The global air cargo industry yesterday joined with other aviation organizations in praising the European Union (EU) for postponing for one year an aircraft emissions program that critics said would have allowed the EU to charge foreign airlines for emissions.
The EU program would require all airlines landing at or taking off from an airport in Europe to buy emissions allowances covering the entire flight even if only a small portion of the flight was over EU airspace. Carriers that didn't purchase allowances for the entire flight would be fined. Critics have called the plan an illegal attempt by the EU to impose a taxation regime on other nations.
Supporters of the plan, however, say it represents a market-based solution to reward airlines that adopt "green" standards and to punish polluters. It is generally believed that transportation accounts for most of the carbon emitted by global supply chains.
In a statement, Michael Steen, chairman of The International Air Cargo Association (TIACA), called the EU's action a "very welcome and pragmatic move." He said that the decision to delay the program was a strong sign that the regulatory body is "intent on working with international partners to achieve a global agreement on reducing aviation CO2 emissions."
Steen and others have called for a uniform global emissions-reduction scheme to be developed by the International Civil Aviation Organization (ICAO) in conjunction with industry and with regional regulators. ICAO was given a mandate by the 1997 Kyoto Protocol to develop a global approach to cutting aviation emissions, but officials have said they are cautious about implementing a global plan since the imposition of emissions standards is a regional issue.
In addition to TIACA, the International Air Transport Association, the U.S. Chamber of Commerce, and U.S trade group Airlines for America (A4A) have applauded the EU's decision. The proposed tax would have cost U.S. airlines more than $3 billion through 2020, according to the trade group.
On Wednesday, the House of Representatives joined the Senate in approving bipartisan legislation (S. 1956) ensuring that U.S. airlines would never participate in a scheme as outlined by the EU. The bill awaits President Obama's signature.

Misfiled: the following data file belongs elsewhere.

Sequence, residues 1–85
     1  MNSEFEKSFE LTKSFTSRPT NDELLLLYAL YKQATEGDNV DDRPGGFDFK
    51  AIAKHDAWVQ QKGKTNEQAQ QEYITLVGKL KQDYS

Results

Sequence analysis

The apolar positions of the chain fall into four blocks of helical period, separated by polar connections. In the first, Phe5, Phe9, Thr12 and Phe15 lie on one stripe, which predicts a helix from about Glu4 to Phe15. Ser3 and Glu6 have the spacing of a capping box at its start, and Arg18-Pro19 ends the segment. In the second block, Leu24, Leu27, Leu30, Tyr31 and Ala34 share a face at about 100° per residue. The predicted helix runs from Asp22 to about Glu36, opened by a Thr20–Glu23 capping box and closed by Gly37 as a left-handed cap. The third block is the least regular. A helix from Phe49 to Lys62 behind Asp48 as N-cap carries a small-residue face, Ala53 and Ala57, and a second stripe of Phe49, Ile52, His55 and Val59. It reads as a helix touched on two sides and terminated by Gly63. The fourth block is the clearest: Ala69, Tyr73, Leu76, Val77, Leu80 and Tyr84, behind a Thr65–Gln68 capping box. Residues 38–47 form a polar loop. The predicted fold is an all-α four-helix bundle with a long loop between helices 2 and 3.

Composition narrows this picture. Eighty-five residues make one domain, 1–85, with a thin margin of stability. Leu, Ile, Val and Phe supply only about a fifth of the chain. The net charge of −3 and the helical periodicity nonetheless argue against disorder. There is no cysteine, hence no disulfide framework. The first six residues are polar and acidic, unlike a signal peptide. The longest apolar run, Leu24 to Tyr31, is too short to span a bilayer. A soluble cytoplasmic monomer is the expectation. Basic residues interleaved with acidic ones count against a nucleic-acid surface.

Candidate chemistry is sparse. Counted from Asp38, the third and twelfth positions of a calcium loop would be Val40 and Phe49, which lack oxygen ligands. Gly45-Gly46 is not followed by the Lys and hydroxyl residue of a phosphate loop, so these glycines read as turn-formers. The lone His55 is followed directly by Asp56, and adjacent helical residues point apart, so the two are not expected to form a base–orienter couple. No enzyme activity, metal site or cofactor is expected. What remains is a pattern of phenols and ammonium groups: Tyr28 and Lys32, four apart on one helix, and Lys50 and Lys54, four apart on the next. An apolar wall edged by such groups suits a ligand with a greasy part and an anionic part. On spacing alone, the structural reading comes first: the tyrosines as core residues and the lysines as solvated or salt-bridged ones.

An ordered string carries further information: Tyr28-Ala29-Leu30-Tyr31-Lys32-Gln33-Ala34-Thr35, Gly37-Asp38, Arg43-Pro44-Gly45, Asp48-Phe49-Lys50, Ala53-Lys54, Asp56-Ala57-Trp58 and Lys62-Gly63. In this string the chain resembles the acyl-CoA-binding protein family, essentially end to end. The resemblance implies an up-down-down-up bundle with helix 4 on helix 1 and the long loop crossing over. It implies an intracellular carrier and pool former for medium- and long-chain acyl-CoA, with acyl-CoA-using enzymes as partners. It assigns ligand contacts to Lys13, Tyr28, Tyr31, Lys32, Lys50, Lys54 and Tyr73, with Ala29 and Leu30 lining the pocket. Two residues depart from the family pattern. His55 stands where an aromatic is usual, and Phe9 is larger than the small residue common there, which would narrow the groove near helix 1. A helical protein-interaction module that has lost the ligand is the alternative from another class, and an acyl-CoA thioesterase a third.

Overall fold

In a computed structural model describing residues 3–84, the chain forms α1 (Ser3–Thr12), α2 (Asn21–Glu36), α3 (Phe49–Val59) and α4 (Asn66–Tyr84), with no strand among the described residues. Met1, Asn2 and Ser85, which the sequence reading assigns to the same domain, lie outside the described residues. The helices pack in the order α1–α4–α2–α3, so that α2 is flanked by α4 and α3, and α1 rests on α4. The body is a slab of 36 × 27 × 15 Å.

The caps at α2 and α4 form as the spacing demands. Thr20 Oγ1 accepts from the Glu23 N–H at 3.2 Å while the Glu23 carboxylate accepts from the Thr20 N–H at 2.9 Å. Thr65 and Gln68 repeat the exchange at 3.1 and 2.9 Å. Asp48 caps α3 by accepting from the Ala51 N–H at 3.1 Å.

"This bill is a firm response by the United States Congress that this nation will not allow U.S. jobs and our aviation industry to be threatened by the EU's unilaterally imposed and unlawful tax scheme," said Rep. John L. Mica (R-Fla.), chairman of the House Transportation and Infrastructure Committee. "Participation will put U.S. air carriers at a competitive disadvantage and lead to fewer aviation jobs for Americans."
Mica said the EU scheme "clearly violates international law and U.S. sovereignty" and called it an attempt at a "cash grab" by a financially struggling EU. Mica noted there is no requirement that funds collected through the scheme be used to reduce aviation emissions.
Transportation Secretary Ray LaHood, speaking last month at the International Air Cargo Forum in Atlanta, said the manner in which the EU implemented the plan was "lousy," adding that the U.S. government "wasn't even consulted." Speaking at the same conference, Richard Anderson, CEO of Delta Air Lines Inc., called the plan "extraterritorial," adding that is "not the most effective approach to levy a tax."
Anderson said, however, that he is optimistic about the prospects for a global aviation emissions framework.